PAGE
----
Announcement Module

How To Post Images

Want to know the how to upload images to your posts? Image Posting Tutorial
See more
See less

TP 1300 Knives

Page Title Module
Move Remove Collapse
Conversation Detail Module
  • Filter
  • Time
  • Show
Clear All
new posts

  • TP 1300 Knives

    How often should one expect to have to change the knives in the TP1300. I know the time will vary with the amount of use and hardness of board, but I am curious in general terms. I bought a TP1300 on Thursday last week and planed about 160 linear feet of 1X6 cypress down to 13/16" thick over the weekend. The stock appears to be more sluggish as I feed it through the planer. Could the knives be dulling noticably after only 2 days of use?

    Also, can the knives be sharpened, or do you just replace and toss the old ones?
    Brad Hatchett<br />

  • #2
    Can't say how long they should last - mine did pretty well until I hit a nail (I invested in a metal detector after the horse got out!) The knives are reversible. I found they are not had to change (reverse) at all. With the extra set of knives you have4 sets to start with - I figures the first set is the one that you make all your mistakes with and then you get a little pickier about the lumber you run through your machine. The other guys/gals have more expertise than I 'cause I'm still learnin' too. This forum is great! r


    • #3
      Have you tried waxing the bed of the planer with paste wax? I noticed the same thing and thought it was the blades until I got this tip and tried it. The planer took the wood with no problem after waxing.

      I would give this a shot. 160 feet shouldn't stress the blades much at all.


      • #4
        You can wax or powder the bed for easier running. I have had my TP1300 for over a year now and have run an estimated 4000 bft and still using the originalside of the original blades. I only run hardwood. How much are you trying to take off per pass?
        info for all: --- "I like long walks, especially when they are taken by people who annoy me."


        • #5
          Usually 1/32 to 1/16 of an inch per pass. Much more than that and it really seems to want to bog down. Since I am new at planing and the tool is new, I am a little hesitant to try much more than that for fear of tearing up the tool.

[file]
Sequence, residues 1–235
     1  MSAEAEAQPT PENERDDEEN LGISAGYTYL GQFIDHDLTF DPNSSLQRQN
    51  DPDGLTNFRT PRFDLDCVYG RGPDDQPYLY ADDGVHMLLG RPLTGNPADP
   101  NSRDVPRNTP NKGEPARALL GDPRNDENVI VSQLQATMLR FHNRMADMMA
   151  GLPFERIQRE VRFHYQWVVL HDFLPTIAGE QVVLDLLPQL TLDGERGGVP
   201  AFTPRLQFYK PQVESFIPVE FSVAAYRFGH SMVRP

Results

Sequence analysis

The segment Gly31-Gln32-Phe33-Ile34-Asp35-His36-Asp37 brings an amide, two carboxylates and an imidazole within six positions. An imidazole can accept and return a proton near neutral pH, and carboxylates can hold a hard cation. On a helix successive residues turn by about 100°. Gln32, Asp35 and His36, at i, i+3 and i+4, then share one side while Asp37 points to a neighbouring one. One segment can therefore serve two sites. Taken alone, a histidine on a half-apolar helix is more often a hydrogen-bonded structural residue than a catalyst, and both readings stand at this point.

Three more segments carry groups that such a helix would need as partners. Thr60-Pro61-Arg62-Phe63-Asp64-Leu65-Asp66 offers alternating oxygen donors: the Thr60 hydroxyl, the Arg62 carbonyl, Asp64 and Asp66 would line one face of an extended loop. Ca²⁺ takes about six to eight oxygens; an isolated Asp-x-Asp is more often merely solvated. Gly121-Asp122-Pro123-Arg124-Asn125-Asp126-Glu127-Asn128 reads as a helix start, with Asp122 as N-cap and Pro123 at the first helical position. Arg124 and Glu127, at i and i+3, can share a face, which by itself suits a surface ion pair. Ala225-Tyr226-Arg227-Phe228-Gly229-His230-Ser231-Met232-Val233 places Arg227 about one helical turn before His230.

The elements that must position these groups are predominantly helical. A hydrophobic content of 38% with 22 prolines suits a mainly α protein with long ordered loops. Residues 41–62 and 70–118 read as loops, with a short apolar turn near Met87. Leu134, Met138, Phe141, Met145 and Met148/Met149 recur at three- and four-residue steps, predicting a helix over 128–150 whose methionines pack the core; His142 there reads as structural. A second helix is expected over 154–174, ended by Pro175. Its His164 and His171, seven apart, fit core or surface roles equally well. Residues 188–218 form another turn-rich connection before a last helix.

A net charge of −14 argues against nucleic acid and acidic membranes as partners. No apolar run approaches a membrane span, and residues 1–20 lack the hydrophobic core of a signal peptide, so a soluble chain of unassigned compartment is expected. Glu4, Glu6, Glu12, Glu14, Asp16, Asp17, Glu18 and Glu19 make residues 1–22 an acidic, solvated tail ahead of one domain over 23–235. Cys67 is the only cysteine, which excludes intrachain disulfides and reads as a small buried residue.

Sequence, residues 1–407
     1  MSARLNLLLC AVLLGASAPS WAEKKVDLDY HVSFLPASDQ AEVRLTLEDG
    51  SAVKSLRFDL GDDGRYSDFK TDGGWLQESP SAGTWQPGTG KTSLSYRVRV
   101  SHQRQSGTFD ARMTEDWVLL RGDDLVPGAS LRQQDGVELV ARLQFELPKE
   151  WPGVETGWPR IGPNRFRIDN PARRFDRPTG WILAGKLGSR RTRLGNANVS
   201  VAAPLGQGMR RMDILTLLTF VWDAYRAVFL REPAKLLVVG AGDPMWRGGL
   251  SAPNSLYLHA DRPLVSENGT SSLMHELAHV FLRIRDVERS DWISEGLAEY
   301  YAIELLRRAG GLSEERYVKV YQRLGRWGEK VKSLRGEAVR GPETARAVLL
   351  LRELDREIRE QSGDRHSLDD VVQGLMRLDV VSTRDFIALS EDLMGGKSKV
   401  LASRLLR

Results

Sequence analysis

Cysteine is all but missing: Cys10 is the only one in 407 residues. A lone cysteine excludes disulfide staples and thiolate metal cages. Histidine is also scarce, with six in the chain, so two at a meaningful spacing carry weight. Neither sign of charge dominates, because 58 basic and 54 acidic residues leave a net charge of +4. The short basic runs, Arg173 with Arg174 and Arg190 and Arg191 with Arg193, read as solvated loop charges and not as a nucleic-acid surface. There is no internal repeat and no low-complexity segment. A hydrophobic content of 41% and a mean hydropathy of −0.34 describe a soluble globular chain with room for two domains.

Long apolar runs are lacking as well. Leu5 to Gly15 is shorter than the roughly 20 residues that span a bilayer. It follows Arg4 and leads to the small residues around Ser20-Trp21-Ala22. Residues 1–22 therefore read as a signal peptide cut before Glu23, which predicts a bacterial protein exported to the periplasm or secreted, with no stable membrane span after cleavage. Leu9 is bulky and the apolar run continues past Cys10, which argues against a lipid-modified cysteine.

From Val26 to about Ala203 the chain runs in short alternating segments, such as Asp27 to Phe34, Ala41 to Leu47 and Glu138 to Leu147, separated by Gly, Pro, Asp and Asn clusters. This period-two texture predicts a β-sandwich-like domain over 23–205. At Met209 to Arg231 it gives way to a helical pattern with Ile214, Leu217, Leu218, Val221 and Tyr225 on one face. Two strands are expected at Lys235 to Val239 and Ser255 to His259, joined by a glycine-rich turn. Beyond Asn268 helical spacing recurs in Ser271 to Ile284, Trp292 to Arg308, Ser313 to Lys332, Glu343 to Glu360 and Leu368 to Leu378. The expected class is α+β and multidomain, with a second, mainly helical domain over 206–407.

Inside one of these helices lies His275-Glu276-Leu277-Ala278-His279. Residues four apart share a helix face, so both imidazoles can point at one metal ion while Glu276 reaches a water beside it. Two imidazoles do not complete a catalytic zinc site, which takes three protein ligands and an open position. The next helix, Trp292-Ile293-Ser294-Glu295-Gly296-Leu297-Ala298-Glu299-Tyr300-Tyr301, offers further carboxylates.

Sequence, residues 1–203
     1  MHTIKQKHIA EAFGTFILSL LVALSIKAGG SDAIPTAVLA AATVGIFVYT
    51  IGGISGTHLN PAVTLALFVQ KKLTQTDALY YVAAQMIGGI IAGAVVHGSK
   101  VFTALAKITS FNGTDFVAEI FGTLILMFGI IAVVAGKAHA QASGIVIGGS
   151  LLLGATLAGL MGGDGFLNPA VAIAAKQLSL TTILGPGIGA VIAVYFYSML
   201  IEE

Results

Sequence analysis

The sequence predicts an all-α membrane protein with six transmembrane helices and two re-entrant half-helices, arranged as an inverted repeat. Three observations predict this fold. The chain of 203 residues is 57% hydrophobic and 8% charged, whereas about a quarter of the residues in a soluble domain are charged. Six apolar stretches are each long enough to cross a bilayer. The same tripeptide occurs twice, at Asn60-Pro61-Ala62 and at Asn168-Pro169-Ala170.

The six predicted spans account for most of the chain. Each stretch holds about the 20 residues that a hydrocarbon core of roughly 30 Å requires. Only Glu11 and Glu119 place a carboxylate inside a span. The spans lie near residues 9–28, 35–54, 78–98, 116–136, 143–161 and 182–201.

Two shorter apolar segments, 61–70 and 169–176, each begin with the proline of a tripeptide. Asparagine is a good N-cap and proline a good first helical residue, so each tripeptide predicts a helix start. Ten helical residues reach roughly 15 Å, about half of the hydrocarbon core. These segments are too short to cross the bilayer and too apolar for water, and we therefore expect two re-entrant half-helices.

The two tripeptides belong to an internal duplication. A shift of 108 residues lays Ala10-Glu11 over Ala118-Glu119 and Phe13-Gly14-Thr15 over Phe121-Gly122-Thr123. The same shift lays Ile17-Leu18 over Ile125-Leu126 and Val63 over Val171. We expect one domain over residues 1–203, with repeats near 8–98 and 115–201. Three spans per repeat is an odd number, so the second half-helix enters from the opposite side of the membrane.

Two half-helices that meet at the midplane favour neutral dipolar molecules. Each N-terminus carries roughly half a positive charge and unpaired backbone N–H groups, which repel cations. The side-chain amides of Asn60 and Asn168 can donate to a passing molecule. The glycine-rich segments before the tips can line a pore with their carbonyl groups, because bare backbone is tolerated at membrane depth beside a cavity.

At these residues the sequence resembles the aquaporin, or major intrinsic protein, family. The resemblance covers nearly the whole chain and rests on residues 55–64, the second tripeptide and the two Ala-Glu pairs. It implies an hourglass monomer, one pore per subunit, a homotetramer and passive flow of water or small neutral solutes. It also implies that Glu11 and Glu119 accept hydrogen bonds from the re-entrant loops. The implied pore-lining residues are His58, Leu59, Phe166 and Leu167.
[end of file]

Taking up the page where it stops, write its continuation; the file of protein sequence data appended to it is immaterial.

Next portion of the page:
If you wax the bed, does the wax transfer to the bottom side of the stock? If so, does this affect the wood when it is time to stain or finish?
          Brad Hatchett<br />


          • #6
            The amount you bite off per pass is relivent to the width of the board. I planed down 1.5" wide strips of Oak tonight, turning the crank 1/2 turn per double pass. That's 1/32", first one side, then the other, then adjusting. I can't imagine taking off a full 1/16. 1/32" will give you pretty good tear out in grain changes.

            I don't wax or powder the machine, but I do keep a close eye on the feed rollers for build up. This can cause slippage. I usually keep the air line at hand and after each pass give a shot of air through the machine to clean out chips and dust.

            Shallower bites and debrie free wood will make blades last much longer. Black knots are killers for blades.(over dried/decaying) I cut boards and remove the knots when ever possable. They don't plane well, and do cause excelerated ware on the blades.
            John E. Adams<br /><a href=\"\" target=\"_blank\"></a>


            • #7
              I am on the back side of my original blades after about 6000 board feet of softwoods mostly. Waxing helps a ton! A true woodworking table saw wax will not cause any problems even if you do only a light sanding after planing. Buildup on the rollers is also a problem, when they buildup too much, snipe starts to rear its ugly head..
              \"Is it Friday yet?\"


              • #8
                As long as you use paste wax, not car wax, you will not have a problem with wax transferring to the wood.


                • #9
                  What would be an acceptable paste wax to use? I assume you mean a wax like you would use on furniture or wood floors.
                  Brad Hatchett<br />


                  • #10
                    I use TopCote, it's a spray on/ wipe off protector and lubricator for cast iron tables. Seems to work great.

                    What are we considering "dull"?
                    I flipped my blades over after they felt like a butter knife. The wood was sticking and I could
                    see the rollers just spinning, even after a clean. New blades and presto, ran like clockwork.


                    • #11
                      Dull to me was when the chip size shrank to very small and the sound of it changed. An inspection of the blades showed a super fine buildup behind them and I didn't cut myself checking the sharpness! I wouldn't call it butterknife, but new blades are like an Exacto...
                      \"Is it Friday yet?\"